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B12: The New Star in the Vitamin Universe

Posted Oct 27 2008 3:14pm
Recently we've been hearing (and I've been writing) a whole lot of amazing things about vitamin D, which is turning out to be one of the most "underrated" vitamins on the planet. Now get ready to hear a lot about another vitamin that's about to be "discovered" by the media: Vitamin B12.

Look, these vitamins have been around since vitamins have been discovered. They're not new. But what happens is that the research mounts, people begin to pay attention, and slowly but surely a critical mass of intelligent folks in the health business realizes that this stuff is really important and amazing- and we're not getting enough of it.

Which is what's happening now with vitamin B12.

Many epidemiological studies have indicated that low levels of vitamin B12 are commonly associated with several ailments (many of which affect older people) like Alzheimer's, dementia, frailty, depression, osteoporosis, heart disease, stroke and even some cancers. For example, the famous Framingham study of 2,576 adults living in Massachusetts linked low blood levels of vitamin B12 to bone loss (in both men and women). And a study published this year of 107 people over 60 who were followed for five years linked low levels of B12 to shrinkage of the brain.

Here's the thing- in many studies, symptoms were seen with B12 levels just slightly below normal, or in some cases well above the level that causes anemia, the most famous B12 deficiency disease.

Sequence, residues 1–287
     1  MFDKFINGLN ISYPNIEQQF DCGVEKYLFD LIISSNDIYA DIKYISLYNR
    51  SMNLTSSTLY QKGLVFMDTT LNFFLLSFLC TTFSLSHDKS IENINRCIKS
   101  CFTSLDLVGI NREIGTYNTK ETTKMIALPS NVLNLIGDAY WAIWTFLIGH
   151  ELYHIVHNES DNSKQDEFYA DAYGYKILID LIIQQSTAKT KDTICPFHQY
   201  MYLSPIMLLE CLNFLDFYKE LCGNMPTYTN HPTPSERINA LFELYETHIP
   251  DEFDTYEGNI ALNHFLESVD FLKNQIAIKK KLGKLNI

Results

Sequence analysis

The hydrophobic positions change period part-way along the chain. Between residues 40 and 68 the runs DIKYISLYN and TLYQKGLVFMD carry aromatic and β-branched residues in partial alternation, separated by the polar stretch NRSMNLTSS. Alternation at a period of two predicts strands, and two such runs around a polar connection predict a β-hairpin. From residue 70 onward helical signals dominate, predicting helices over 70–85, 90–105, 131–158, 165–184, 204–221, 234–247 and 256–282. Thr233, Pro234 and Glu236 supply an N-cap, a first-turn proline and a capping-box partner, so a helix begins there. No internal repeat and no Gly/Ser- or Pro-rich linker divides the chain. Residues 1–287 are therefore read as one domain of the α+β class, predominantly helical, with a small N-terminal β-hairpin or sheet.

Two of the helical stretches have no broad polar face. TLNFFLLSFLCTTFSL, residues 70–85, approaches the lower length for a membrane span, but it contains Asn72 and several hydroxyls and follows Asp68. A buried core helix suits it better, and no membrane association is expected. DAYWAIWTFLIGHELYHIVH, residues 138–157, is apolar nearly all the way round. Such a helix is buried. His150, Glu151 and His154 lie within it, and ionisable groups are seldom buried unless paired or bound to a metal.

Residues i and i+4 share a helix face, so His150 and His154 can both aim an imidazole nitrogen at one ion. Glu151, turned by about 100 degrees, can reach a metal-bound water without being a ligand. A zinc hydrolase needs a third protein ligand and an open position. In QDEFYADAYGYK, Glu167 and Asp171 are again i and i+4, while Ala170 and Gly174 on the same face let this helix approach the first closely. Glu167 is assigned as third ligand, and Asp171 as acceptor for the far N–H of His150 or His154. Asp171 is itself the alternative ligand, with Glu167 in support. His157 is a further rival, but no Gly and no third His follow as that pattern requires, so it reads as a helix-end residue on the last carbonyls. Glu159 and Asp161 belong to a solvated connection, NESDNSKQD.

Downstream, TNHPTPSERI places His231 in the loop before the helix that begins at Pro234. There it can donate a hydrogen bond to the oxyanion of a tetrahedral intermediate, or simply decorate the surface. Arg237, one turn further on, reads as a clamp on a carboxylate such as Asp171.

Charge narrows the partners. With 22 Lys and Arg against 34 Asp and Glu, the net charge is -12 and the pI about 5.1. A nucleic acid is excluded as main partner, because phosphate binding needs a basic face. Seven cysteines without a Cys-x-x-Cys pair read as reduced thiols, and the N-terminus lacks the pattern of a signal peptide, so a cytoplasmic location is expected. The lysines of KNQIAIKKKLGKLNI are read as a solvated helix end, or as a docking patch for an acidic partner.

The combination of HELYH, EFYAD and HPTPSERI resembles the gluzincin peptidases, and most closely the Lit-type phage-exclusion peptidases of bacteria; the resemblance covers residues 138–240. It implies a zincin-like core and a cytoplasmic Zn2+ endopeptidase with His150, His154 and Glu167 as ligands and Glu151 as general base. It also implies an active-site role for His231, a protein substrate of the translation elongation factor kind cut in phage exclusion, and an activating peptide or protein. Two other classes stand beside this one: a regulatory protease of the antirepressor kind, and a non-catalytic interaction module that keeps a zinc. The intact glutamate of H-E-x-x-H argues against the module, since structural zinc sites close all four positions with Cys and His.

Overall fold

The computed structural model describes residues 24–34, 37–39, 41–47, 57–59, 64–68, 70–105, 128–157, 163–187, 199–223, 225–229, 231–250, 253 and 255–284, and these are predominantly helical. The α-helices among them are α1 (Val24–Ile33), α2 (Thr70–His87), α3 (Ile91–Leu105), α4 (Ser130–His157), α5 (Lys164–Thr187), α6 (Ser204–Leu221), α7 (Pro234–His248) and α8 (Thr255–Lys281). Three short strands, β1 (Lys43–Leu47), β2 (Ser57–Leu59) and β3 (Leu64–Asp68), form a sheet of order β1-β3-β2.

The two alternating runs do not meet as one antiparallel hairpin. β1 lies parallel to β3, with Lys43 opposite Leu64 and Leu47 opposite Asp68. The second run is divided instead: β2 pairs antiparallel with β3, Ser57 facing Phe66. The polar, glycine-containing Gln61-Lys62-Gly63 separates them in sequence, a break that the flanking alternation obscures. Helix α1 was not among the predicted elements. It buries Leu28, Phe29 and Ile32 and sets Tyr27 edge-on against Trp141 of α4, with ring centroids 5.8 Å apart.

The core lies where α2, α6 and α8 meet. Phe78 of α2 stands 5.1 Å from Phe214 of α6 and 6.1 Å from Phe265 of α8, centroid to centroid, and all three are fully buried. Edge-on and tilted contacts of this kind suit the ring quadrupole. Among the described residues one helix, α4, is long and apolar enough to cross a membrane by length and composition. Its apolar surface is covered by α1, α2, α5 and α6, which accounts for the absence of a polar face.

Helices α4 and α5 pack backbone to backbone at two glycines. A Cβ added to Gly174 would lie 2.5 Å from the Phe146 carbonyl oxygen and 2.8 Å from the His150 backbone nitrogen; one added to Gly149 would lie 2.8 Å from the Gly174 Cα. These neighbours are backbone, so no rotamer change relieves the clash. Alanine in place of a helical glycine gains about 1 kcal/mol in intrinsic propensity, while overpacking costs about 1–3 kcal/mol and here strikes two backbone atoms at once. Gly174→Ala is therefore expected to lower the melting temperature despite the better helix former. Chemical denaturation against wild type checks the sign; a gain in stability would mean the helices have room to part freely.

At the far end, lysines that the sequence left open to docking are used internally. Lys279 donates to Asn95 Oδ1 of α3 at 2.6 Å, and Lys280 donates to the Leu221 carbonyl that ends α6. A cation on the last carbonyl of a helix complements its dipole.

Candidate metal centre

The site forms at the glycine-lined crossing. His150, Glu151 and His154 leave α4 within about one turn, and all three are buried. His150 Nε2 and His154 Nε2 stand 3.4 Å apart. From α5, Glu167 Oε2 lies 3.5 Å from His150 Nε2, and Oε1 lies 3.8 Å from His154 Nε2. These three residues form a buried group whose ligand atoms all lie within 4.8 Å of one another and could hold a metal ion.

Once again, it's turning out that minimal levels of a vitamin- the levels known to prevent a specific deficiency disease- are very far from the optimal levels.

Vitamin B12 is needed in every cell in the body. It's water soluble, so you can't take "too much". And we absorb it poorly and probably don't get enough of it. Read on to see why.

Vitamin B12 is primarily found in animal foods (sorry, my vegan friends but it's the truth). To be assimilated it has to first be separated from the protein that contains it (like meat or fish) by stomach acid. It then binds to a compound called "intrinsic factor". The problems are threefold:

  1. many people (especially vegetarians) are not eating animal protein;
  2. m any people do not make enough stomach acid, or they use antacids
  3. many people don't make enough (or any) intrinsic factor. This is especially true once we hit forty.

Often, vitamin B12 deficiency doesn't show up for years. And it can influence depression, energy and performance, not to mention a whole host of degenerative diseases. Vegetarians (and vegans) especially must take supplements, and in my opinion, most everyone else would benefit as well.

Because of the limiting factor of stomach acid and intrinsic factor, many people prefer to get B12 in injections or take B12 as a liquid sublingually, so it bypasses the "gut". You can also take B12 in a small capsule. It's inexpensive and great insurance. I recommend you take it with folic acid, because the combination has been shown to lower levels of a nasty toxic inflammatory compound in your body called homocysteine.

Vitamin B12 is also known as cobalamin. But it's been shown that the more "potent" and effective form to use in supplements is a kind of "turbo" vitamin B12 called methylcobalamin. Make sure to always use supplements of methylcobalamin. And remember also that to make any kind of difference you need to take a dose of at least 1000 mcg. (And It's perfectly OK if you skip a day from time to time).



How to Get a Free Bottle of B12 in November


For the month of November 2008 I will include 1 free bottle of vitamin B12 ($11.40 value) with any vitamin store order over $99. You don't need to add the product to your cart, I will simply toss it in your box as it goes out the door. (Unless you specify "b12 capsules" during order I will include the liquid form.)


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